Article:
Stick Child is a healthy little chappie and he loves a nice cold drink of milk at break time. (Do they still do those 1/3 pint bottles for 8p, with the really thin straws? Just wondered…)
Anyway, Stick Child’s usual routine is to go to the hatch in the school dinner hall when the bell rings for morning break, where he hands over his 8p (or whatever it is these days) and collects a nice cold drink of milk. Then he goes out to play with his friends.
Today, however, things were different – the milk counter was closed because the school had adopted a new system for break time milk sales. When Stick Child went into the school hall, he saw a table with a telephone on it and a sign next to it that read…
‘Milk-Related Transactions Centre’
Stick Child dialled the number listed in some instructions that were next to the sign, put the phone handset to his ear, and waited to see what would happen…
Then, instead of a human saying “Hello Stick Child, how are you today?” as usual, he encountered an automated voice that said,
“Welcome to our new and more efficient way of dealing with milk-related transactions. Please select from the list of available options”.
Stick Child thought this was odd, but listened to the options, which were:
- “Press ONE if you wish to discuss your milk account”.
- “Press TWO for information about how much milk you’ve used so far this term”.
- “Press THREE if you would like to upgrade to our premier milk account, or to hear about a range of special offers”.
Stick Child waited for Option FOUR, which he hoped might be “Speak to a human being”, or “Buy some milk”, but it never came. This confused him, so he chose Option ONE, which he supposed was the least inaccurate of all the choices, although he didn’t really want to discuss his milk account – he just wanted some milk. To drink.
Upon pressing Option ONE, Stick Child was immediately advised by the automated voice that it would be better for everyone if he just went and used the internet in future. Then it told him to be sure to check out ‘our new range of sweets, crisps and chocolates’. Stick Child wasn’t bothered about any of those things though – he just wanted to buy some milk!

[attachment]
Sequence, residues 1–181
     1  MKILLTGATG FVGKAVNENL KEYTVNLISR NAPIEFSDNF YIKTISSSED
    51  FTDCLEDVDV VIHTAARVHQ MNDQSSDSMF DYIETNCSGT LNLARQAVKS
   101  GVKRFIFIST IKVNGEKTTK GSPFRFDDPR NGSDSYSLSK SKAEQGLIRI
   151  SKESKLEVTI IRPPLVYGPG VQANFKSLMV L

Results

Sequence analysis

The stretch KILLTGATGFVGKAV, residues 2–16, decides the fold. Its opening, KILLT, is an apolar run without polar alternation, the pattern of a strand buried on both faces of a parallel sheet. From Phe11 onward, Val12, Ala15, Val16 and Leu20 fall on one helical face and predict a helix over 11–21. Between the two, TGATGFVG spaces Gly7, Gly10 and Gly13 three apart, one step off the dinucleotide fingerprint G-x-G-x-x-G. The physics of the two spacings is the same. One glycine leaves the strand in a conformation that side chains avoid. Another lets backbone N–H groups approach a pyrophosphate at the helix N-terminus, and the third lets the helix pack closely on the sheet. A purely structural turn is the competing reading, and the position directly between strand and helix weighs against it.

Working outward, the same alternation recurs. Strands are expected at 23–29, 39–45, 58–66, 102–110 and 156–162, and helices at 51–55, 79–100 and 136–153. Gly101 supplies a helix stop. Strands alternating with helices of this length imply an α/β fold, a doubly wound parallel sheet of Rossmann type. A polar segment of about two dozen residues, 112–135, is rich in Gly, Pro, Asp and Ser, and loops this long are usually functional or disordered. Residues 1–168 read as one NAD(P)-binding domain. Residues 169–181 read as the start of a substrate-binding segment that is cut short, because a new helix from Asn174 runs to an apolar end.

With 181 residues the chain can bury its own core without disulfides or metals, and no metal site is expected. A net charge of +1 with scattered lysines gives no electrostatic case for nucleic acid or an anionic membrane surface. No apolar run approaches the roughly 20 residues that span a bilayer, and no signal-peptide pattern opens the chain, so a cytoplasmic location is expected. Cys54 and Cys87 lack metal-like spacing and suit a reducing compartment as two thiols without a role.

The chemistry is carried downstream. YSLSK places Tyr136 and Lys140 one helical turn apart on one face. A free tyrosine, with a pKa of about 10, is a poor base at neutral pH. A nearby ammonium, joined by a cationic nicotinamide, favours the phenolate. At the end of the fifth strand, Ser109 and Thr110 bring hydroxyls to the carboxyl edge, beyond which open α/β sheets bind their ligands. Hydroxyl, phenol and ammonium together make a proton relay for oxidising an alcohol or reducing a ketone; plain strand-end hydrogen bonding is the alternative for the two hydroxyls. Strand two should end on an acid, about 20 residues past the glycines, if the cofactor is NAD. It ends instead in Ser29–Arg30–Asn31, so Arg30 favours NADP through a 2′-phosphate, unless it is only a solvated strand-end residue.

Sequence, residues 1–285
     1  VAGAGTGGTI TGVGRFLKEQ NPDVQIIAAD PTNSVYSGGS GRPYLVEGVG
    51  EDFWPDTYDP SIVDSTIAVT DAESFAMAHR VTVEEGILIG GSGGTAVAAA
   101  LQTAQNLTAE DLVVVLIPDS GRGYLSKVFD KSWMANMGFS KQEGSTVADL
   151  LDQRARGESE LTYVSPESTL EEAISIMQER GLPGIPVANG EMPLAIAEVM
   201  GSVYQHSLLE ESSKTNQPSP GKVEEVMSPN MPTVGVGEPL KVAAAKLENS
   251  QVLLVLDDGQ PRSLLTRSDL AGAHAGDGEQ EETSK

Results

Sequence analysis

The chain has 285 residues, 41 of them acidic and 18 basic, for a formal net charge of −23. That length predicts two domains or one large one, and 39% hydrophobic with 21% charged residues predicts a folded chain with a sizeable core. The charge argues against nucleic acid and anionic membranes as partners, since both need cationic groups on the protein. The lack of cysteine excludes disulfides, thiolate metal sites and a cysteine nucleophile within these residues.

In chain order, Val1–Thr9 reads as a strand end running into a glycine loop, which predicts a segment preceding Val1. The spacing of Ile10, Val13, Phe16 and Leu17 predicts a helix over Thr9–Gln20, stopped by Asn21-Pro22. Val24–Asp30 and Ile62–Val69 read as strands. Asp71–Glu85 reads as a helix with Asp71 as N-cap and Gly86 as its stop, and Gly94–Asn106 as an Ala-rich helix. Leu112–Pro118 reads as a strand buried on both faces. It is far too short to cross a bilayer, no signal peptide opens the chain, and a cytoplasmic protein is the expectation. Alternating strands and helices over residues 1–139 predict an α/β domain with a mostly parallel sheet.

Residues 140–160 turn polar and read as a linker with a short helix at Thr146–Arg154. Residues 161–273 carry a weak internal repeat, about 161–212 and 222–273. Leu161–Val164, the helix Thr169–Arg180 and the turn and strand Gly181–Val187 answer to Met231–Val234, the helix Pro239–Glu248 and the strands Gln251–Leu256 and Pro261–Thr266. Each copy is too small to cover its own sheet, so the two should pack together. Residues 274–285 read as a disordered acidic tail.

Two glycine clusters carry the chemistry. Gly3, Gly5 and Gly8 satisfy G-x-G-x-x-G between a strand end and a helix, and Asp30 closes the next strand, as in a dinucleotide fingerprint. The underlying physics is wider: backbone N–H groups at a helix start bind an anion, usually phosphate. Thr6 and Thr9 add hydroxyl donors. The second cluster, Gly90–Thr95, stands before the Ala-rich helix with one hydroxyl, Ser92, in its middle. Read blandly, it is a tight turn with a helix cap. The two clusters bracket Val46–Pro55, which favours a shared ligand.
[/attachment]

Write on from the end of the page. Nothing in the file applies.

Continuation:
After these messages, Stick Child was put on hold for a few minutes, whilst the phone played Bruno Mars records into his ear. Every so often, Bruno’s velvet tones were interrupted by another robotic voice that advised:
“Your call is important to us and one of our operators will be with you to deal with your query as soon as possible”.
After a while, another automated voice informed Stick Child:
“We are experiencing unusually high call volumes at this time. You may wish to call back later or use our online milk information service”.
Stick Child thought it was odd that whoever had designed the new system hadn’t anticipated milk-related demand would peak at break time.
Anyway, he continued to hold, until eventually a human answered and politely informed him that he had come through to the wrong department and would have to dial the number again. This human tried to be helpful, advising Stick Child that he would need to choose Option TWO, then sub-menu Option NINE, followed by sub-sub-menu Option FORTY SIX, then ask for ‘DAVE’.
At that point, the end-of-break bell rang and poor Stick Child had to return to class, without any milk. Stick Child was disappointed. He thinks this new system is rubbish and that the old way of buying milk at break time was better for lots of reasons.
If he understands this, so can you!
In case you’re wondering what would have happened if Stick Child had managed to speak to the right person / voice recognition entity on the phone, then apparently under this new regime he would be allocated a unique reference number, which he must take to a new counter at the opposite end of the school.
There, his reference code will be checked and he will be given a token, before being sent to a third counter somewhere else, where he will hand over the token and collect his milk. The whole process is subject to rigorous service level standards at each stage and audited under a tough inspection regime, of course.